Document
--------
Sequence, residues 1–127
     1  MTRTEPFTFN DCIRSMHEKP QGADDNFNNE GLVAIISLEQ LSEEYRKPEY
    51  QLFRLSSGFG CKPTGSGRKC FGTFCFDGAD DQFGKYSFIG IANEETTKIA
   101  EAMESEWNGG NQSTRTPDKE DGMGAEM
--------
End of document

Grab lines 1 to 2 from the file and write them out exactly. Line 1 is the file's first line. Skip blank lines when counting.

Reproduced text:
Sequence, residues 1–127
     1  MTRTEPFTFN DCIRSMHEKP QGADDNFNNE GLVAIISLEQ LSEEYRKPEY